# Resource: Types of proofs

Methods/types of proofs exist for various purposes and scientific fields. Philosophical, psychological, medical, biological etc. Here we focus on mathematical and physical proofs. Mathematical proofs are in their nature accurate, and we are sure that their results are true, whereas physical proofs rather are methods for testing, checking, measuring and evaluating until we are sure beyond reasonable doubt. An accurate (and often mathematical) proof is called **analytical**, whereas a proof that is based on many experiments, measurements or much data is called **numerical**.

Some relevant terms regarding proofs are the following:^{[1,2]}

**Theorem**: Already-proven expression involved in a proof for something new.**Lemma**: “Side-expression” that is proven separately during a proof with the sole purpose of finishing that proof.**Axioms**: Assumptions that are not proven but*defined*or*assumed**true*.

Types of proofs^{[4]} |
||
---|---|---|

Proof | Description | Example |

Direct proof | Combine something already known (axioms and theorems) to reach the result | If $a$ and $b$ are even integers, then they are the double of two other numbers: $a+b=\underbrace{2c}_a+\underbrace{2d}_b=2(c+d)$. Their sum is also the double of another number, so it is also even |

Proof by contradiction | Show that if something is true, an absurd contradiction appears. So, it must be false. | |

Proof by induction | Prove a base-case. Then prove an induction rule that says that the base-case counts for all other cases. (For an infinite row/series) | |

Proof by contraposition | In order to know if a claim is true, prove its contrapositive (“inverted”) case true. | If we want to prove that if $n$ is even, then $n^2$ is even, then we can instead say that if $n$ is odd then $n^2$ is odd. When proven true, then the contrapositive must also be true. |

Proof by construction | Find one example that either proves (for an existence claim) or disproves (for a truth claim) something. | Example: ‘I have an even number here, so even numbers do exist’. Counterexample: ‘I have an odd number here, so not all numbers are even’. |

Proof by exhaustion / proof by cases | Prove each occurrence individually (for a non-infinite set) | Claim: $n^2+n$ is always even, when $n$ is an integer. Prove this for even and then for odd $n$’s separately, covering all. |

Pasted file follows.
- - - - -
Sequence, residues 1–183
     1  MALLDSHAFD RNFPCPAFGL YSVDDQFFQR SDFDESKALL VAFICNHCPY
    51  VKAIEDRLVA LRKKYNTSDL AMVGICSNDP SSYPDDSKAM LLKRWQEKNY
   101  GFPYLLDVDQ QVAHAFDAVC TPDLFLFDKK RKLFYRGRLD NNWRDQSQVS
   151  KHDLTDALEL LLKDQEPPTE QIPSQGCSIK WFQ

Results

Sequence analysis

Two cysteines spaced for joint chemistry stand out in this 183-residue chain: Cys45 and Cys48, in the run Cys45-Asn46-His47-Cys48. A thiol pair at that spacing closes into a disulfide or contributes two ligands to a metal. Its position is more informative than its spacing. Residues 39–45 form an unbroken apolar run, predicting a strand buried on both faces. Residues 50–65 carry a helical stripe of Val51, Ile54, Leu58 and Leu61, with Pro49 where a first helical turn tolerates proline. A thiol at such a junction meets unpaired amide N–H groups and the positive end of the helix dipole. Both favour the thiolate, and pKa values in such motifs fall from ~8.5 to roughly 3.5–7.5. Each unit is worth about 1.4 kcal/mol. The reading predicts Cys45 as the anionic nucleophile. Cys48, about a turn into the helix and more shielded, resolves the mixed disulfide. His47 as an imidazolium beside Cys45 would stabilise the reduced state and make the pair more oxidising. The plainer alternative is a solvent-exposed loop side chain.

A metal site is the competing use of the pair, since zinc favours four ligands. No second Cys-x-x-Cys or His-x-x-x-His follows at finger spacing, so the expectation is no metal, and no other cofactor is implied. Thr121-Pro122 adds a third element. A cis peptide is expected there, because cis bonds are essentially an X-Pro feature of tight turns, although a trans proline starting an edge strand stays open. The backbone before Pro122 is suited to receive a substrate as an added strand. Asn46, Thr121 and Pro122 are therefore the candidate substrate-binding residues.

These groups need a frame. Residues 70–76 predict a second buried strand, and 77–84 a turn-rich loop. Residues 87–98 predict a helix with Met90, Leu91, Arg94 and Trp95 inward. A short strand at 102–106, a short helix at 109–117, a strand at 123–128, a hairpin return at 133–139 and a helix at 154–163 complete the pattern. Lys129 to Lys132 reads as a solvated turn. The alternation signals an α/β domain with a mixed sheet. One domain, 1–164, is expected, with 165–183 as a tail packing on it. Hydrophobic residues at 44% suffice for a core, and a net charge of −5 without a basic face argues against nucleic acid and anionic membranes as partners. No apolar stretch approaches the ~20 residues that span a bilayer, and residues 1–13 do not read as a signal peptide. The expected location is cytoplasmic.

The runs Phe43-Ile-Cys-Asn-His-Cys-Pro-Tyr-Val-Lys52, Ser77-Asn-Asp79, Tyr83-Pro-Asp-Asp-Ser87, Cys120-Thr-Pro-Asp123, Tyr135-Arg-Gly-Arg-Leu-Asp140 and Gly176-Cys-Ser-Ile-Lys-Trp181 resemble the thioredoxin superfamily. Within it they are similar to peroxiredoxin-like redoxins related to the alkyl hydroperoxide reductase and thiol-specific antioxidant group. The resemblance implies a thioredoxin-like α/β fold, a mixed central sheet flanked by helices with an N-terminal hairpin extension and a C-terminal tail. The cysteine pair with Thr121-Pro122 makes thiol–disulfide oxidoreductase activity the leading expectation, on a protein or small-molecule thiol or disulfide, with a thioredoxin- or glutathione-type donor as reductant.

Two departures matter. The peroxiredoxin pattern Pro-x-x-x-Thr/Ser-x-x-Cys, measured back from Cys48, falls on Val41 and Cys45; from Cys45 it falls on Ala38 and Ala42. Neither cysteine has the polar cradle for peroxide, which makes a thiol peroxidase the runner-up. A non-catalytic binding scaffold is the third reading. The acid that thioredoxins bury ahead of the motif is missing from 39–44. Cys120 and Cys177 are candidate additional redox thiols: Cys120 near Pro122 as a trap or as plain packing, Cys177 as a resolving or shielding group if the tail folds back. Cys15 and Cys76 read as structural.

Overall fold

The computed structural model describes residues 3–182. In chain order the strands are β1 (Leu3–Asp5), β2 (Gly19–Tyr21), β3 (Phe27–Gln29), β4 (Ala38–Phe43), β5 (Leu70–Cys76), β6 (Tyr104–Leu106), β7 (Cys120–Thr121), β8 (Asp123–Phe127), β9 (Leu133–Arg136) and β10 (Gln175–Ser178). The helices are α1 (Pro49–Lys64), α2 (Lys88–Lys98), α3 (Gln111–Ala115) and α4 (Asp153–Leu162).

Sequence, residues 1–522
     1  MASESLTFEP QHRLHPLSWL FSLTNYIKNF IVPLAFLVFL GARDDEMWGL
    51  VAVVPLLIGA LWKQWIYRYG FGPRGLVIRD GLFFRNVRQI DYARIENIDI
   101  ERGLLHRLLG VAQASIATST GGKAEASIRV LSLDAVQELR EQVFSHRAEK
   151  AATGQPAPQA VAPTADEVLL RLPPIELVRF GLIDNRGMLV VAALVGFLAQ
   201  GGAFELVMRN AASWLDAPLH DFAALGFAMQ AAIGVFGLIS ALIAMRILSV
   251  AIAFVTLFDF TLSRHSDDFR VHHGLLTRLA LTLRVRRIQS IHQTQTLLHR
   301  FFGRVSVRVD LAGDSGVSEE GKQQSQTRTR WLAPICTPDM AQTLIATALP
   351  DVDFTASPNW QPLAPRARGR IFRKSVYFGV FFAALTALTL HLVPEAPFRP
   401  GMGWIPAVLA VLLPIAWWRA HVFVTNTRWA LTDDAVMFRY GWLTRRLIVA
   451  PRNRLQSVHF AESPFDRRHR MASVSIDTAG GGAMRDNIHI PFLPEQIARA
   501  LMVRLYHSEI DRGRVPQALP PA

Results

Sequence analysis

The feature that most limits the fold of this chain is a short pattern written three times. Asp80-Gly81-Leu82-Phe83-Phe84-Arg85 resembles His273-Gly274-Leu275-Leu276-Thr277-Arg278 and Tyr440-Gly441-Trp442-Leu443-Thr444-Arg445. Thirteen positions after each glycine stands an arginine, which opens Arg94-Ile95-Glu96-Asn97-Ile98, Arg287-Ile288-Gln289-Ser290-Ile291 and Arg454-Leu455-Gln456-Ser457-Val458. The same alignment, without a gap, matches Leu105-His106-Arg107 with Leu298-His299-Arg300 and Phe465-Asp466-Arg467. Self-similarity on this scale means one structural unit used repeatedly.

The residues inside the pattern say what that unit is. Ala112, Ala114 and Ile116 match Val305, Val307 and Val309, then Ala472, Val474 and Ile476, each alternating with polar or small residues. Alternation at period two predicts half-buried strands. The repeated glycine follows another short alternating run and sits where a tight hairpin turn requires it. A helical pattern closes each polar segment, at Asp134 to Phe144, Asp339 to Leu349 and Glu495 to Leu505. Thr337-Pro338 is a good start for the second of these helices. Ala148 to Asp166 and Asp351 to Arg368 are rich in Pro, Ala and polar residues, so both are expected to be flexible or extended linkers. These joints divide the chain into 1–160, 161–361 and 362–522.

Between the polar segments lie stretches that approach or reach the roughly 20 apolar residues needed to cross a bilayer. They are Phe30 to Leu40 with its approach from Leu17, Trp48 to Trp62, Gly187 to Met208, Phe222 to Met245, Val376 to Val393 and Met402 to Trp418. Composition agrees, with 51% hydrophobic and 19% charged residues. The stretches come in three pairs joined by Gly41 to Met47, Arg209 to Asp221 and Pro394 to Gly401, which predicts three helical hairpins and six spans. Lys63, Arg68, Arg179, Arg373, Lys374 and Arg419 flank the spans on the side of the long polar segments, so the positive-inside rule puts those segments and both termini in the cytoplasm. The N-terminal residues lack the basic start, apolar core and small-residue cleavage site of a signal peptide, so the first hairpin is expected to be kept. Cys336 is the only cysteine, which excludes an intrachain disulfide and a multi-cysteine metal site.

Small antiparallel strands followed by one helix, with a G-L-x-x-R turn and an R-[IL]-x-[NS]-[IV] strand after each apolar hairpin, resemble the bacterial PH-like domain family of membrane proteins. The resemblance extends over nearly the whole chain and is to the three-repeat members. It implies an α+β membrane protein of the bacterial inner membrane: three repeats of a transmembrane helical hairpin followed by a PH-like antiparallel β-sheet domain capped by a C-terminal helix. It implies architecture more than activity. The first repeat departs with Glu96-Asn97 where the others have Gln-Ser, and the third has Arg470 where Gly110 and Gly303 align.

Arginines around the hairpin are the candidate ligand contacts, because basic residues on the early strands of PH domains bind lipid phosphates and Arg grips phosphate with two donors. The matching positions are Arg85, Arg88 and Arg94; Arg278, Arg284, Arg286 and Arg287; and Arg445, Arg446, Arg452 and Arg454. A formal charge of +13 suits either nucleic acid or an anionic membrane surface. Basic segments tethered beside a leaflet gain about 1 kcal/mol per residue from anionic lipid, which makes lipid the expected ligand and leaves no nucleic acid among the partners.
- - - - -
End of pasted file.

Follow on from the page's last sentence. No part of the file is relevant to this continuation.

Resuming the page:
Geometric proof | Make the result clear from accurate drawing | Draw the limiting case of an obtuse triangle to see that it always will have two angles below $90^\circ$ |

Probabilistic proof | Show that something must be true with 100 % probability | The cat must be inside the house, since it can’t get out |

Plausibility proof | Show that something most likely is true with very high probability | The cat most likely is inside the house, since it could only get out through the chimney |

Statistical proof | Collect much data that shows a clear pattern | It is a human feature to have 5 fingers, because 99.6 % of all babies (2996 out of 3000) are born with 5 fingers.^{[3]} |

Empirical proof | Perform many measurements that all show the same result | Things will always fall down when dropped, because every time it has ever been tried, it happened. |

Several of the proofs involve elements of falsification, such as the empirical proof and the proof by construction. We can call a proof **combinatorial**, when it includes more than one type (when more than one proof gives the same result, and we thus believe it to be true).

References:

- ‘
**What is the difference between lemma, axiom, definition, corollary, etc?**’ (web page, answer to forum post),*57Jimmy*, Mathematics Stack Exchange, 2018, math.stackexchange.com/a/2716230/13230 (accessed Oct. 9th, 2019) - ‘
**Mathematical Proof/Methods of Proof/Constructive Proof**’ (encyclopedia/dictionary), Wikibooks, 2017, en.wikibooks.org/wiki/Mathematical_Proof/Methods_of_Proof/Constructive_Proof (accessed Oct. 9th, 2019)

## Responses